Let me say, almost 15 years of my journey has been about building and scaling that part of the world to be able to deliver high-quality product for whatever we do. So as part of the journey we're on, it's just that today, our ability to scale is a little bit more, let's say, stable because we don't have to worry about what happens a year or two years from now.

We have future visibility. We have much better order books and a much stronger demand curve. So we can be investing in training and new technologies whilst opening up new offices that make access to that talent much more, let's say, comfortable or easier. And that sort of gives us, I think, a unique position to any of our competitors who, fortunately or unfortunately, don't have that sorted because our genesis itself as a function of East meets West.

I came from setting up a very successful capability in India and then acquired companies in the West. So we kind of brought the two worlds together in our journey. And that takes a lot of work and a lot of effort and really integrating and aligning culture, behavior, training. And that we've sort of done and established through our last many years of building this company.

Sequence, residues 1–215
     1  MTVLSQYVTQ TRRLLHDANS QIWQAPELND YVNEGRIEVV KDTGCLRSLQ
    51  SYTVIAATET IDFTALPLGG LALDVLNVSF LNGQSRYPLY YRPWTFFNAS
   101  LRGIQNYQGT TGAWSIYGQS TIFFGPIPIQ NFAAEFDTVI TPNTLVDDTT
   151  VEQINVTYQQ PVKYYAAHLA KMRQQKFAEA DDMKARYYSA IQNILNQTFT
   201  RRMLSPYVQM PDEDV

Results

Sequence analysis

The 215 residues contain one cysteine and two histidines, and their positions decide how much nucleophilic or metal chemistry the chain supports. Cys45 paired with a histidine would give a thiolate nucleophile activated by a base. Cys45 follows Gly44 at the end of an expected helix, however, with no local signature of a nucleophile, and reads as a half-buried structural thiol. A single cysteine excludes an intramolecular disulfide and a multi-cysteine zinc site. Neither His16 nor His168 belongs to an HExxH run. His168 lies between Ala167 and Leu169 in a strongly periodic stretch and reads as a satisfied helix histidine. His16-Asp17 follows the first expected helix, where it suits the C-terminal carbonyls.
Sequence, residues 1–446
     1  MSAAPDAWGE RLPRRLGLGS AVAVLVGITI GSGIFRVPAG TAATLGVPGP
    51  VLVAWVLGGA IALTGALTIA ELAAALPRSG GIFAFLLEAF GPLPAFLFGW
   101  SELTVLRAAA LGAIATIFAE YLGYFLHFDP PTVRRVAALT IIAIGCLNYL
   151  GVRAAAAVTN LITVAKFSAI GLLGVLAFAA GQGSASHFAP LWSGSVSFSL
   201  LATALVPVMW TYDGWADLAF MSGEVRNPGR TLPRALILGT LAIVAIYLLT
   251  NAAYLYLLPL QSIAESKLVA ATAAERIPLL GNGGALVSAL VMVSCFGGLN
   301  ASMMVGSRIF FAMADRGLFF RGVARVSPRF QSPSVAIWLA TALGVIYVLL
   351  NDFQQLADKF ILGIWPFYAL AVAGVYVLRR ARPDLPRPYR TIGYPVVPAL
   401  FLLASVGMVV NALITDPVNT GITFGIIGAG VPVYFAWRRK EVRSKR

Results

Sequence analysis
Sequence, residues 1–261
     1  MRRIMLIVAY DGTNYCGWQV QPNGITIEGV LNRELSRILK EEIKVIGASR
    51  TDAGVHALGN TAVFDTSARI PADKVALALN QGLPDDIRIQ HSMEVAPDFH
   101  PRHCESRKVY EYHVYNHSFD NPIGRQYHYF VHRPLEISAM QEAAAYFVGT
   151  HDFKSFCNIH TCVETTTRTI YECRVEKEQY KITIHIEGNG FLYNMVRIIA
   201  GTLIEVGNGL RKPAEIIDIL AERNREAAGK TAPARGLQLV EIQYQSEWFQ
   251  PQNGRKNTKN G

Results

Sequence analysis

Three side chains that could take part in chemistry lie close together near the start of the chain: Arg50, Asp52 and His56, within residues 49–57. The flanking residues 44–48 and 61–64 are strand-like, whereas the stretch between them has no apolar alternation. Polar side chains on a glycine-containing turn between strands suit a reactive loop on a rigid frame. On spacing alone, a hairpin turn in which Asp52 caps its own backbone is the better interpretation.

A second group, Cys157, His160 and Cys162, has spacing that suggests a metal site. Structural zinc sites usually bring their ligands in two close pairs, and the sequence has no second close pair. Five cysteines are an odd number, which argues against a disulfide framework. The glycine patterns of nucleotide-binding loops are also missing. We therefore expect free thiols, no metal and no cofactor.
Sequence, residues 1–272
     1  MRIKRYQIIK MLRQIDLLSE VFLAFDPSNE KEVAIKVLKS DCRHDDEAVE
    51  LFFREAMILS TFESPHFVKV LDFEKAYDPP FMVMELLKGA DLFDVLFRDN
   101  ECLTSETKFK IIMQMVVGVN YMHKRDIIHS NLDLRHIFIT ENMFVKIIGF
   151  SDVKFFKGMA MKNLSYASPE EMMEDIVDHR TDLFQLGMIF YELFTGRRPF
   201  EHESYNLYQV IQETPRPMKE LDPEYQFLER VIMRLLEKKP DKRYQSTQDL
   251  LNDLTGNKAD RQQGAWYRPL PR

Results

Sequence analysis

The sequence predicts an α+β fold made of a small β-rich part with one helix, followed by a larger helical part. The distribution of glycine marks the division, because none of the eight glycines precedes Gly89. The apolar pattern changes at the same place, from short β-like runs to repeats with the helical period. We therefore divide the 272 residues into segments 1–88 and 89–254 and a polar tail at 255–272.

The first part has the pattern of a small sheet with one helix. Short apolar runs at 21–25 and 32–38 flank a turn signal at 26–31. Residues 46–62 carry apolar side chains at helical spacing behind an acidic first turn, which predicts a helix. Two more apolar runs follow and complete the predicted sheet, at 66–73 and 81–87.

BRIAN SOZZI: Speaking of journeys, talk to us about your journey. Am I correct that you started this company at 18 years old out of your grandfather's basement?

NAMIT MALHOTRA: Yeah, so I started in Mumbai. That's absolutely right. In 1995, literally in a car garage that my grandfather had bought and my father. And we lived in the same house, but in an apartment in Mumbai. It still exists, by the way.

And at some point, we'll publish pictures and talk about that. But that's literally where I started when I was 18 with an Apple computer and a bunch of guys who taught me computer graphics in a six-week course that I did. And I hired them as my key partners. And we set ourselves up. And that's the sort of journey that we've had.

BRIAN SOZZI: Well, a very interesting story here. Congrats on the upcoming debut, Namit Malhotra, chairman and CEO of DNEG, good to see you.